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Episode 655: Command Posts - Hunter or Hunted, with Lt Col. Matt. Arrol, U.S.A.

  • Broadcast in Military
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For generations, the US military’s senior leadership in the field had no reason to worry about being on the receiving end of enemy fires at their command posts. Even at the company level but especially at higher echelons, we expected that we would be safe and secure in our command posts. Command posts were where one watched, planned, and executed operations – not become player in one.

One of the defining characteristics early in the Russo-Ukrainian War was the high loss rate of Russian General Officers from enemy action. Part of this was due to the top-down traditions in the Russian Army that required direct, forward, and in person direction and guidance – but a significant part of that was the Ukrainian military’s reaching out to eliminate senior leadership where they led the fight - their command posts.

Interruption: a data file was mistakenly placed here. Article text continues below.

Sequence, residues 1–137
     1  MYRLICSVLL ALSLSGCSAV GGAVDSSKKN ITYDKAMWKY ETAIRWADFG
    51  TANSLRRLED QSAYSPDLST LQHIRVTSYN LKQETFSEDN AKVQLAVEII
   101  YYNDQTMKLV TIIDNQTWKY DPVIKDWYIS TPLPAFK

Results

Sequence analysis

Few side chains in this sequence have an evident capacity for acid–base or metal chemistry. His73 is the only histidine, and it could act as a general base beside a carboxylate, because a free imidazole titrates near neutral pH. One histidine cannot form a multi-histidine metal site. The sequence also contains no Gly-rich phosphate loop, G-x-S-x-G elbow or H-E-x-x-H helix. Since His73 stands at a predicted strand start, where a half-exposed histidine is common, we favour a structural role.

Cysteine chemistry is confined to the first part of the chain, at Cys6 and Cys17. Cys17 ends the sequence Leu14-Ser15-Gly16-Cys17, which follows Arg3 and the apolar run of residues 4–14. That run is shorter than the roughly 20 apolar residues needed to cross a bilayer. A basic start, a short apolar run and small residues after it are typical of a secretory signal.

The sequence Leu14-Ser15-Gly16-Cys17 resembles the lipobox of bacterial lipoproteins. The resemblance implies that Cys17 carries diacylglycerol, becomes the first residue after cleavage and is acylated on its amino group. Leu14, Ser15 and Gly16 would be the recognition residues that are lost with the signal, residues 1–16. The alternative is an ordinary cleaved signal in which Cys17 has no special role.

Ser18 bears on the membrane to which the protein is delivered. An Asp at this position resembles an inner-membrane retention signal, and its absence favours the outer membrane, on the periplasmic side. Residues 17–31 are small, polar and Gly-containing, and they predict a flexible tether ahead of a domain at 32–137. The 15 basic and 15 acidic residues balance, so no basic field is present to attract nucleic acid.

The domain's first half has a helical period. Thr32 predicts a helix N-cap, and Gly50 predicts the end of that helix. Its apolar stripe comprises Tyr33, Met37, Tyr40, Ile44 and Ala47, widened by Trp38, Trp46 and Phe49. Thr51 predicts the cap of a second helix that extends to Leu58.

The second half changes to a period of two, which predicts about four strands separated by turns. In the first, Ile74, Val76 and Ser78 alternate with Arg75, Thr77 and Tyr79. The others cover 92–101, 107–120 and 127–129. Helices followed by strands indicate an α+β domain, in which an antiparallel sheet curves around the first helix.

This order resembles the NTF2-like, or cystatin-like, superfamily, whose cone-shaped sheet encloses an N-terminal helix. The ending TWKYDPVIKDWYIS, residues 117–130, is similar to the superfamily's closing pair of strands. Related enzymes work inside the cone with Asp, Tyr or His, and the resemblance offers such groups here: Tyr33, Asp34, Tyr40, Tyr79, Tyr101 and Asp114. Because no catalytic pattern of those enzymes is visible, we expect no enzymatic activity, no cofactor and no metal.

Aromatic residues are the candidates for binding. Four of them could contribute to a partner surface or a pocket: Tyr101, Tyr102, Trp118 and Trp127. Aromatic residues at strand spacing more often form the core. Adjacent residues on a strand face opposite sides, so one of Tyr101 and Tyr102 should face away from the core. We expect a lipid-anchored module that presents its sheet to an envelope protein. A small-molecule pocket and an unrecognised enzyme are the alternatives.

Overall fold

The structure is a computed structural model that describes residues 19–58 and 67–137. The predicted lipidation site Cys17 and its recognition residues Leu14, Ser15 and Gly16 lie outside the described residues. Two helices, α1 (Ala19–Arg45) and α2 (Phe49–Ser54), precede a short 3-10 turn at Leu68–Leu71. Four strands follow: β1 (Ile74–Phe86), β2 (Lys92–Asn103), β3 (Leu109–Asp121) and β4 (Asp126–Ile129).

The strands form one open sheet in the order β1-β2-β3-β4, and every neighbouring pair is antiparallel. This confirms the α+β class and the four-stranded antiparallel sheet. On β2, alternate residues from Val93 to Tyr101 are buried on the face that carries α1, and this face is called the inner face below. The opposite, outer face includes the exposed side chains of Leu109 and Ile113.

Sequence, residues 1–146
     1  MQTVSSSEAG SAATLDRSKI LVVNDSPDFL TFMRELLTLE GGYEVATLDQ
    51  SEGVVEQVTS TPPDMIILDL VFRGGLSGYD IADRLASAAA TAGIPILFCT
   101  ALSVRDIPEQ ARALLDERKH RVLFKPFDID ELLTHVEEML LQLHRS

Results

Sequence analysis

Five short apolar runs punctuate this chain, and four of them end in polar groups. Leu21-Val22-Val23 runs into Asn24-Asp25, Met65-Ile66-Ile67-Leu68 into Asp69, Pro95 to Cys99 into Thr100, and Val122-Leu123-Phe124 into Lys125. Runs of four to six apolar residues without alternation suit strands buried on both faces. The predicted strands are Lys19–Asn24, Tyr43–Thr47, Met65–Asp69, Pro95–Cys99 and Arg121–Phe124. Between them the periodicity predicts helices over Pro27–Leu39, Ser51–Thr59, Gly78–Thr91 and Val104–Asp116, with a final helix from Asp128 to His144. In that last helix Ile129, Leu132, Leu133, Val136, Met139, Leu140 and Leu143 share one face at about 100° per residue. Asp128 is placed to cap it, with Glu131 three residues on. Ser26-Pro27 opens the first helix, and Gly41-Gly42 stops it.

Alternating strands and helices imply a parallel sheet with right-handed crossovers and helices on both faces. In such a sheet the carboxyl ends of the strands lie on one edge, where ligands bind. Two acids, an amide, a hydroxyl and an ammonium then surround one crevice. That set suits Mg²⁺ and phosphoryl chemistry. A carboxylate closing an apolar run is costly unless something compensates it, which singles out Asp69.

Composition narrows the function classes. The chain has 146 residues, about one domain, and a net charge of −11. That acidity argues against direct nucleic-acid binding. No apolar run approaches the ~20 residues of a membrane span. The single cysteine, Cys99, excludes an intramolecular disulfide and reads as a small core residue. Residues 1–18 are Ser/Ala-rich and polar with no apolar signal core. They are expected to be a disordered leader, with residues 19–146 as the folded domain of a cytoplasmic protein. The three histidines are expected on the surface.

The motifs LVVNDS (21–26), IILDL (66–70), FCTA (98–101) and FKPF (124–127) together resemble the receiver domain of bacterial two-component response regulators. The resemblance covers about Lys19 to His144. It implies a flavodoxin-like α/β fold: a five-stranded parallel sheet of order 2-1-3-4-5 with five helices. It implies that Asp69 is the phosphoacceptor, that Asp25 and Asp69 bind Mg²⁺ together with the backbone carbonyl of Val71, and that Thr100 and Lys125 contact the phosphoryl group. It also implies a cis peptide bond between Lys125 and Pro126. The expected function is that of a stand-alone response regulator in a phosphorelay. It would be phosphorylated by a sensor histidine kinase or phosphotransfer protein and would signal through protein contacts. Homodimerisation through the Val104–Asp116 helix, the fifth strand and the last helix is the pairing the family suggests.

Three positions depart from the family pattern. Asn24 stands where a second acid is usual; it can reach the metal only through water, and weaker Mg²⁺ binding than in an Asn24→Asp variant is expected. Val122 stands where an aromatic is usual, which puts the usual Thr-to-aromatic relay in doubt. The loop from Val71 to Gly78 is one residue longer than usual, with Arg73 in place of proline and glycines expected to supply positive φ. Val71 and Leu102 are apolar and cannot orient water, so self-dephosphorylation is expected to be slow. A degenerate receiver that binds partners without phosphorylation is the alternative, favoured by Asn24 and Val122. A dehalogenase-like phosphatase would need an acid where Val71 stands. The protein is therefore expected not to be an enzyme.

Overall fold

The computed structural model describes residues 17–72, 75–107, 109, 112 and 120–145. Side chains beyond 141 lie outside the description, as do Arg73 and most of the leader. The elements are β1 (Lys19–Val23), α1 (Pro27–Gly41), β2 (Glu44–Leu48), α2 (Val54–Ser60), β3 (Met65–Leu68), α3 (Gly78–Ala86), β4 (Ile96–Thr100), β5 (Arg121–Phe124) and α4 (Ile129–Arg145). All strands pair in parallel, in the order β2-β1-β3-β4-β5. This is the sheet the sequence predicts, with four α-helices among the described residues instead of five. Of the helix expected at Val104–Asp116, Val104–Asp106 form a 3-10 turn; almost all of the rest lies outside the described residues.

As precision long range conventional fires and the ISR that supports them become more common on even the most primitive battlefield, is it time for the USA and her allies to reconsider their own reliance on large, static, and “noisy” command posts?

Using an article he co-authored in the March issue of the US Army’s “Military Review” titled “The Graveyard of Command Posts” as a starting point for our conversation, our guest this Sunday for the full hour will be Lt. Col. Matthew R. Arrol, U.S. Army, commandant of the U.S. Army Joint Support Team at Hurlburt Field, Florida.

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